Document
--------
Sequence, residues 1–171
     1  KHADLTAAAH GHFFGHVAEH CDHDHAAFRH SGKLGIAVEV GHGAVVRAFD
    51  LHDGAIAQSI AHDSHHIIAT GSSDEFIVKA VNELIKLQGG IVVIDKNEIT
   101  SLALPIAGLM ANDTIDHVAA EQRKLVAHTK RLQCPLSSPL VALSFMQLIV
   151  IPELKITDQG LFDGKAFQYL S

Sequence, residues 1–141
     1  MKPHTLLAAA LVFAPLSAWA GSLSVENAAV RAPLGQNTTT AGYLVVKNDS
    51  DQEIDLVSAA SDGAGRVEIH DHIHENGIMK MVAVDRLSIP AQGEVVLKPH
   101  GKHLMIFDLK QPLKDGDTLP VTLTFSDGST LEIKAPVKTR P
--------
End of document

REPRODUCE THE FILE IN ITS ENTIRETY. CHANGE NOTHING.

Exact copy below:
Sequence, residues 1–171
     1  KHADLTAAAH GHFFGHVAEH CDHDHAAFRH SGKLGIAVEV GHGAVVRAFD
    51  LHDGAIAQSI AHDSHHIIAT GSSDEFIVKA VNELIKLQGG IVVIDKNEIT
   101  SLALPIAGLM ANDTIDHVAA EQRKLVAHTK RLQCPLSSPL VALSFMQLIV
   151  IPELKITDQG LFDGKAFQYL S

Sequence, residues 1–141
     1  MKPHTLLAAA LVFAPLSAWA GSLSVENAAV RAPLGQNTTT AGYLVVKNDS
    51  DQEIDLVSAA SDGAGRVEIH DHIHENGIMK MVAVDRLSIP AQGEVVLKPH
   101  GKHLMIFDLK QPLKDGDTLP VTLTFSDGST LEIKAPVKTR P